This week's CSA box made me really happy. We got more beets, which I will touch on shortly, and the sugar snap peas and Swiss chard made their debut! Here is the rundown:
Swiss Chard - nearly 4 1/2 lbs.
Sugar Snap Peas - nearly 2 lbs.
Beets - 6 1/2 lbs.
Yellow Scallions - over 1/4 lb.
Mizuna - 3/4 lb.
I teased you with talk of pink pancakes last week when we first got beets. I made them this week, and they were a huge success. In fact, I need to double the recipe in the future. It's a good thing I now have frozen beet puree at the ready!
3/4 cup water
1/2 cup ricotta cheese
1/4 cup beet puree (see below)
1 teaspoon pure vanilla extract
1/2 teaspoon cinnamon
1 cup pancake mix
1/4 cup grated apple
nonstick cooking spray
*1 tablespoon canola or vegetable oil
pure maple syrup or fruit, for serving
1. In a blender or food procesor, combine the water, ricotta cheese, beet puree, vanilla, and cinnamon and blend. Dump the mixture into a medium bowl, add the pancake mix and apple, and stir until just combined. Do not overmix - the batter will be a little lumpy.
2. Coat a griddle or large nonstick killet with cooking spray and set it over medium-high heat. When hot, add the oil*. Spoon the batter onto the griddle or skillet, using about 1/4 cup batter for each pancake. Cook the pancakes until bubbles form on top and the batter i set, 1 to 2 minutes. Then flip the pancakes with a spatula and cook until golden brown on the other side, 2 to 3 minutes. Serve warm, with syrup or fruit.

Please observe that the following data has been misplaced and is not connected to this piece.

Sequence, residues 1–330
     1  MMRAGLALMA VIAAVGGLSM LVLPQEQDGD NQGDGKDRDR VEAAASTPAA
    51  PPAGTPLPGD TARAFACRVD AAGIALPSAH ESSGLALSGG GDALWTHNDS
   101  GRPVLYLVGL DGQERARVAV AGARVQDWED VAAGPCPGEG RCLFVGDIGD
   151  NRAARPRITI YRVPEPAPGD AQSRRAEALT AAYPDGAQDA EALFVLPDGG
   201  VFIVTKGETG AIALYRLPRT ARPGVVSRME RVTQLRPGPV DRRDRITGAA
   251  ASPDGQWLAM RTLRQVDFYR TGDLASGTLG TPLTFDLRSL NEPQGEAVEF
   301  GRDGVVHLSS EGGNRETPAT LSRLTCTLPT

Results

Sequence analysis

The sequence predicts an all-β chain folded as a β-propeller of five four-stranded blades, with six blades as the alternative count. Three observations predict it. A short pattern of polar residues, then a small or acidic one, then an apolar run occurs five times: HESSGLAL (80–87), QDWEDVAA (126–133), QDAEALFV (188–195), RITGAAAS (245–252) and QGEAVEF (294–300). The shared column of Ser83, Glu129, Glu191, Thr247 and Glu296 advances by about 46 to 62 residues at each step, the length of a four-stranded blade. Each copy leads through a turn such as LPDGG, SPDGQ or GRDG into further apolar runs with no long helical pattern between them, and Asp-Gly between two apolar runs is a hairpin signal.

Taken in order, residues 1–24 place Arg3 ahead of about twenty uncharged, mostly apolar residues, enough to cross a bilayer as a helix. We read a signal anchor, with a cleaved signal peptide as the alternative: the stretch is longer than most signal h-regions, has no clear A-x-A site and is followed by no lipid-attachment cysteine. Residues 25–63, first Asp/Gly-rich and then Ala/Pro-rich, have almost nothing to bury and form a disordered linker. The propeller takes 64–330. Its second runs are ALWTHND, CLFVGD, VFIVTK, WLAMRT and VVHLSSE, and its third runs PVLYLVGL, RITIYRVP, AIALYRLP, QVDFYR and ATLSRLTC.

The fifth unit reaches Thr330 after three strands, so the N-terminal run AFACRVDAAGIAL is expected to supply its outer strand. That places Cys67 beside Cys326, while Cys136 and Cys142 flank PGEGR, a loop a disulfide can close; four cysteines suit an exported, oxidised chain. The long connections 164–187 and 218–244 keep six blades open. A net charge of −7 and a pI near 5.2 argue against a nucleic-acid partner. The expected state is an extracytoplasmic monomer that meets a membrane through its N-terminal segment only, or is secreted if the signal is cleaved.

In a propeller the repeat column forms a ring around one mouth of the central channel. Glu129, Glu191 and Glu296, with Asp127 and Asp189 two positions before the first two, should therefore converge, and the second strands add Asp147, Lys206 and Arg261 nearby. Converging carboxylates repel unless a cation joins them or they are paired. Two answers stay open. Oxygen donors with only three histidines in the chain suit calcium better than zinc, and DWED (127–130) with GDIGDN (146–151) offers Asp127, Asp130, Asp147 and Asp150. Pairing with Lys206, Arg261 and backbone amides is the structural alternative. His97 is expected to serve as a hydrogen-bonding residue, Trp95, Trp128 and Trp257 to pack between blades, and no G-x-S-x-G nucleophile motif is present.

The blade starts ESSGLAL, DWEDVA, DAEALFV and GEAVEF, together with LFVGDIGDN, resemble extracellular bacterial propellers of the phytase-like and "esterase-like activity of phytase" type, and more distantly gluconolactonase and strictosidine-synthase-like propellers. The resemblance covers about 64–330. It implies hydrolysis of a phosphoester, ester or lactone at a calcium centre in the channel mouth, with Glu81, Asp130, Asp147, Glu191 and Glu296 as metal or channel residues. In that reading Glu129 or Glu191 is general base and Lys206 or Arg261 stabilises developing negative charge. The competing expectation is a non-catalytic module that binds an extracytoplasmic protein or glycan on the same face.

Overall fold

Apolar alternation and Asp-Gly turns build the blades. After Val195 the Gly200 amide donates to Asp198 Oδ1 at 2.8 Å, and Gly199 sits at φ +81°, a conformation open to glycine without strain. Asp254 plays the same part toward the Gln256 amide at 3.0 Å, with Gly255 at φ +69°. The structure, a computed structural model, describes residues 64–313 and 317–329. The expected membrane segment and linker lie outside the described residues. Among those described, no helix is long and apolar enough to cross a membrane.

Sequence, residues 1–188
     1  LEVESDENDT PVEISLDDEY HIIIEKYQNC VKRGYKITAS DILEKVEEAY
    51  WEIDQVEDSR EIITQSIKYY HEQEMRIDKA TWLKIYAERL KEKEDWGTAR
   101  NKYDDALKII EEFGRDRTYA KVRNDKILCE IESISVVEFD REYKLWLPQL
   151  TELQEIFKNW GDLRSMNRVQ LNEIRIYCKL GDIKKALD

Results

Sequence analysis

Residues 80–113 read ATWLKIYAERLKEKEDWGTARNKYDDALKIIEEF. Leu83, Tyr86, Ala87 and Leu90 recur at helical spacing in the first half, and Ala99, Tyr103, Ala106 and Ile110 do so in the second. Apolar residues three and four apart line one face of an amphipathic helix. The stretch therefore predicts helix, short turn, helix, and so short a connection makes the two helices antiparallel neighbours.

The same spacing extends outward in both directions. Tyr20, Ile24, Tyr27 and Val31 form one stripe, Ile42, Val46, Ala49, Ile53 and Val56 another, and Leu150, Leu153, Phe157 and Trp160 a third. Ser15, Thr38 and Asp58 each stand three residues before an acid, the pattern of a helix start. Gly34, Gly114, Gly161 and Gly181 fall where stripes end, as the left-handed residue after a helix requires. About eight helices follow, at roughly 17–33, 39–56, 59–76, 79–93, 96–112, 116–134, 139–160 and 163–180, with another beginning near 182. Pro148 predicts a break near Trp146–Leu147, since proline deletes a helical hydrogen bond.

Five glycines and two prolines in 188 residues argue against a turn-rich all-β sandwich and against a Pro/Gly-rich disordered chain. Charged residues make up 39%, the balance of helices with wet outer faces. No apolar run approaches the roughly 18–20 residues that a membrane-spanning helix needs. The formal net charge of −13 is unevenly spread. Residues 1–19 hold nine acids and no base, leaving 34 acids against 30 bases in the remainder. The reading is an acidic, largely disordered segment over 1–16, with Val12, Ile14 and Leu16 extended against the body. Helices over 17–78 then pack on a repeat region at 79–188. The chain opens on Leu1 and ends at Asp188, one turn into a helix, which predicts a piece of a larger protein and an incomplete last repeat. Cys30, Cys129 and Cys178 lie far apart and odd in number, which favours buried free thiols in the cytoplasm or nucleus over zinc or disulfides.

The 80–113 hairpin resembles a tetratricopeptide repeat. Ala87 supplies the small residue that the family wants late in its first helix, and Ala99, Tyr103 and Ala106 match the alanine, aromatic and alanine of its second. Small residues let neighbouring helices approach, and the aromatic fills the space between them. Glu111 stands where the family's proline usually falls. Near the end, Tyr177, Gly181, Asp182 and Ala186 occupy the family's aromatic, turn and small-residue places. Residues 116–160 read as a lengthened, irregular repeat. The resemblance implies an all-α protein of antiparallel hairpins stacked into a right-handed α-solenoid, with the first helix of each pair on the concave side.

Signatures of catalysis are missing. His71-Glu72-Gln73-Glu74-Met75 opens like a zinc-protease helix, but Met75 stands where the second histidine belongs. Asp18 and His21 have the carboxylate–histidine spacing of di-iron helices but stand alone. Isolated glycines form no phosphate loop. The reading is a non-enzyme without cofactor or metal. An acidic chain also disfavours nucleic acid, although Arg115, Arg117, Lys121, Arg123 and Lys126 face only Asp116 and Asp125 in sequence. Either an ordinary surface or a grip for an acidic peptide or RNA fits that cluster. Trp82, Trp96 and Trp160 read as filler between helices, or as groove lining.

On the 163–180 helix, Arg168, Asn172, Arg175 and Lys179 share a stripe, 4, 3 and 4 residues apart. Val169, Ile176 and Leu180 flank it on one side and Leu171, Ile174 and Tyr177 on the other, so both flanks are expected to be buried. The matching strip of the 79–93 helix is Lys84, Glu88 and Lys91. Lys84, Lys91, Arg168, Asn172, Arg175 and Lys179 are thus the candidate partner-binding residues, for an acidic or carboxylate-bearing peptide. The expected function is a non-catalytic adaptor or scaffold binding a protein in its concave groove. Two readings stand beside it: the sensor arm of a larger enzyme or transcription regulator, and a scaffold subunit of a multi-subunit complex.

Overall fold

Mine were slightly undercooked, but since there was no egg, I wasn't concerned. First my griddle wasn't hot enough, and then it got too hot. We'll get it just right tomorrow...I mean, um, next time I make them whenever that might be.
*I did not use oil
Courtesy of Deceptively Delicious by Jessica Seinfeld
How to make perfect beet puree:
1. cut the greens off of the beet leaving about 1 inch.
2. wrap in foil.
3. roast in a 400 degree oven for about an hour.
4. refrigerate just long enough that you luckily remember to puree them before they go bad.
5. remove from fridge.
6. peel skin off and cube.
7. frantically search for blender lid so you don't end up with a pink kitchen.
8. blend, taking a break every 5 seconds to stir beet mixture and dream about this.
I scrambled up a couple of eggs and we were all happy. My son would eat anything, as long as it looked like a pancake. As I said, I'm not generally a fan of hiding fruits and veggies just to get your child to eat them. However, since my kids are luckily pretty good about it, I don't see the harm in making recipes like this to give them even more. Plus, since they are always helping me in the kitchen, they know exactly what they're eating. Well, they sort of know. Z calls beets "boots," so he may be chewing on his shoes a little more tomorrow. We'll play that by ear.